Adani is not going to happen; the construction, that is, of the leviathan Carmichael mine, the world’s largest thermal coal mine in the hinterland of the Great Barrier Reef.
Much is the wailing and gnashing of teeth at the move by the Queensland government to approve the project but this approval is entirely political.
The evidence is compelling. Carmichael is the whitest of white elephants.
It is all about the appearance of commitment to jobs, jobs that will never occur unless the coal price doubles, and it is about the government not getting bashed up by the opposition for being anti-jobs and abandoning its election commitments.
Even Adani is coy. No sooner had the Indian conglomerate been granted approval than it deferred the project for another year. Buried in the detail of its press release was this: “opportunity for final investment decision and construction in 2017”.
Reaching “final investment decision” would require willing financiers with a cool $10 billion just for Phase One. But Adani’s bankers have long since fled the scene.
There would be no taxpayer support nor “dredging [of the reef] at Abbot Point [port] until Adani demonstrates financial closure,” said Resources Minister Anthony Lynham.
Which brings us to the real world, financial closure; not only is the project “bankerless” but, apart from the Australian government, which is “energy-policyless”, the real world has moved on, quickly.
The head of the world’s biggest power provider, chairman Liu Zhenya of China’s State Grid Corporation, recently told a US energy conference the ramp-up of renewable energy and ongoing integration of wind and solar power projects into the grid were gathering pace.
“A fundamental solution [to address power needs and climate change] is to accelerate clean energy,” Liu told his audience of energy executives. The eventual aim was “replacing coal and oil”.
The rapid build-up of renewables can be deployed quickly and economically. “Clean energy is competitive,” said Lui. “The only hurdle to overcome is mindset. There’s no technical challenge at all”.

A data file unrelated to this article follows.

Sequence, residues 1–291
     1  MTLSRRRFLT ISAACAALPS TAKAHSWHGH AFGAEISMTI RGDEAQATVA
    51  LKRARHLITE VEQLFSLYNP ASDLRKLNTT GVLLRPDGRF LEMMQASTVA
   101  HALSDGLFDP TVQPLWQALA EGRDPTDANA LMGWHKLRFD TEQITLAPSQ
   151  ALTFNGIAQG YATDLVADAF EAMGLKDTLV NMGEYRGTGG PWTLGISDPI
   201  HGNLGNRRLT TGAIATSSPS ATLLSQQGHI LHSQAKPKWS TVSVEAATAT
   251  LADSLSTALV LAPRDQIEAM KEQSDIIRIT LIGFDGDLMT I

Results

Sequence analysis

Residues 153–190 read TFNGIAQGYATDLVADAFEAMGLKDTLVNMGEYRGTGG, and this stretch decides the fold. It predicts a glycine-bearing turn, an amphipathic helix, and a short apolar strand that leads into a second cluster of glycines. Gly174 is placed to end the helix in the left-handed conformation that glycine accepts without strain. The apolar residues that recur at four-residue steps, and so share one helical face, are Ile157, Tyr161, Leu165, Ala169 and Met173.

This, and equally enlightened energy policy in India, lies in stark relief to the utterances of the Australian resources-led regime, whose unwavering commitment to new fossil-fuel projects is quite bizarre, as though it is wilfully ignoring global realities, even economic realities, by flooding an already depressed market with new sources of supply.
China Shenhua Energy Co, the world’s second-largest coal miner, declared last week it had delayed construction on more than 80 per cent of its coal-fired plants.
Its 2015 annual report cites a 55 per cent decline in net profit to $US2.7 billion on a 30 per cent year-on-year decline in revenue.
Domestic coal consumption in China fell 5 per cent in 2015, said Shenhua, whose own coal sales were down 18 per cent, and it forecasts a further 8.4 per cent decline in its Chinese coal sales volumes this year. Australia is now competing against Shenhua, as an exporter.
Its Watermark project in NSW, apparently still in train, is yet to win board approval and according to the Institute for Energy Economic and Financial Analysis (IEEFA), a green think-tank whose market forecasts have been spot on, Watermark is “inconsistent with Shenhua’s rapidly changing strategic direction”.
Again, in contravention of the dogged “let’s dig a hole in the ground” energy protocols of assorted Australian governments, Shenhua notes:
“The pace of adjustments to the global energy structure in the short run will speed up and the trend of lowering the consuming proportion of fossil fuel energy will be obvious and the demand of fossil fuel energy including coal will steadily decrease … the structural adjustments to the coal and electricity sectors will accelerate.”
Then there’s China Coal Energy Co, which recently handed down its 2015 results: a net loss of $US436 million on a 16 per cent year-on-year fall in revenue.
Average coal prices received dropped 20 per cent and coal sales dropped 12 per cent. The outlook for 2016 is grim; management forecasts a further 16 per cent decline in revenues on a 16 per cent reduction in coal volumes.
China Coal reported the central government in Beijing was “speeding up the supply-side structural reform so as to proactively dissolve overcapacity of coal … to exit around 500Mt of production capacity and to reduce and reorganise around 500Mt through to three to five years”.
Even oil industry bible Platts is referring to the “silent revolution” of China’s electricity markets and drawing the increasingly obvious conclusion for thermal coal. While wind and solar are playing a part, the past five years’ build of 100GW of new hydro has had a massive hand in reducing China’s thermal coal consumption.
The evidence is compelling. Carmichael is the whitest of white elephants. Australia’s seaborne thermal coal sector is in serious structural decline. This is not cyclical.
Of thermal coal mines, BHP’s Mt Arthur is perhaps the lowest-cost, longest-life and highest-quality producer. BHP lost money in NSW coal last year. Adani, on the other hand, will be high cost, the coal is low quality and the capital is not yet sunk, or even raised.
Coal price $US50 a tonne, transport costs $US25/t. It’s not going to happen.